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  1. #1
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    Unanswered: Autonumber as Primary Key

    Hi, this is my situation: I use SSIS to bring in data from a separate SQL database to populate a table. It is during this process that I populate an ID field in the new table that is an integer, is auto number and acts as a primary key. Using SSIS I update the table every night. There is someone else in my office who then uses Access as a front end to create forms etc. to link to that table to populate other tables. She uses the ID field as a primary key in order to link to other tables; this ID field becomes development permit number. My question is when data is added or deleted in the original database, what happens to the auto numbering when data is added or deleted? Once an ID number has been assigned to a record, I don't want a different number assigned when I run the update module.
    Basically I have a database in SQL for our GIS that brings in data from a proprietary database. I have created a database for development permits that combines financial data from the proprietary database with GIS data so that the data can be mapped.
    Thanks,
    Michael Kohler

  2. #2
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    Once you assign a value to a column using a SEQUENCE or an IDENTITY attribute, that number won't change again automatically. They assign the initial value, but that's all that they do... You can change it by assigning a different value, but it won't change on its own.

    -PatP
    In theory, theory and practice are identical. In practice, theory and practice are unrelated.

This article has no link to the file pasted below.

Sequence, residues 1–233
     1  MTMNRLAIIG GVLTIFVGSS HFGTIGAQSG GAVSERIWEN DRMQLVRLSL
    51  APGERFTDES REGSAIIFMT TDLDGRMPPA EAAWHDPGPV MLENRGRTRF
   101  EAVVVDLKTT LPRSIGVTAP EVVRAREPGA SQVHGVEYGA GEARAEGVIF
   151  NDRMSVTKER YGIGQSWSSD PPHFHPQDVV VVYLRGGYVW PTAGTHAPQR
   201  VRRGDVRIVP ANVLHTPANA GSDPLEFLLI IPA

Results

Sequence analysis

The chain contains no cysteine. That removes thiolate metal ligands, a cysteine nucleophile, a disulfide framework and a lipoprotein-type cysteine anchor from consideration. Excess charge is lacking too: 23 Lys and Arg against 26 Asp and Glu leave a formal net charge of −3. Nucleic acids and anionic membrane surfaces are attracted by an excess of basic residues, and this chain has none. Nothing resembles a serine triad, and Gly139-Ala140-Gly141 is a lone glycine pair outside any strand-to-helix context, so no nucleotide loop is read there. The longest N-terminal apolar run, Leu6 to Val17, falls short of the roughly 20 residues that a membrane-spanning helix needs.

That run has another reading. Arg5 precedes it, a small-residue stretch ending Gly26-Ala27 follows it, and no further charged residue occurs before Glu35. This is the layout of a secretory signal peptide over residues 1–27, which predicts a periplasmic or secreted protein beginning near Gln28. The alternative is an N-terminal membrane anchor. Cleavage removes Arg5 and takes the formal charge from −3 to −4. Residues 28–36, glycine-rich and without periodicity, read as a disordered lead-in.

3. #3
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    Autonumber as Primary Key

    Hi thanks for the reply and sorry for the delay I've been really busy. I understand your reply that once the identity number has been assigned it won't change again, but in my situation the table's content is deleted and repopulated with data I bring in through the SSIS job. So, if there are any changes made to the financial data, i.e. adding or deleting records wouldn't it alter the sequence in which the identity values are assigned?
    Michael

  4. #4
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    No. An Identity attribute controls the value given to a column when a row is inserted. That's all.

    -PatP
    In theory, theory and practice are identical. In practice, theory and practice are unrelated.

  5. #5
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    Technically, if you delete the rows, then the identity column will pick up wherever it left off. So, if you insert 100 records, they will have (by default) IDs 1 - 100. If you delete all rows from the table, the next insert will be given ID 101.

    If you reset the identity column (left as an exercise for the interested reader), there is not much of a guarantee that the record that got ID 55 will be the same record that gets ID 55 in each run. If you are adding/removing records, it becomes nearly a certainty that the records will not get the same IDs from run to run.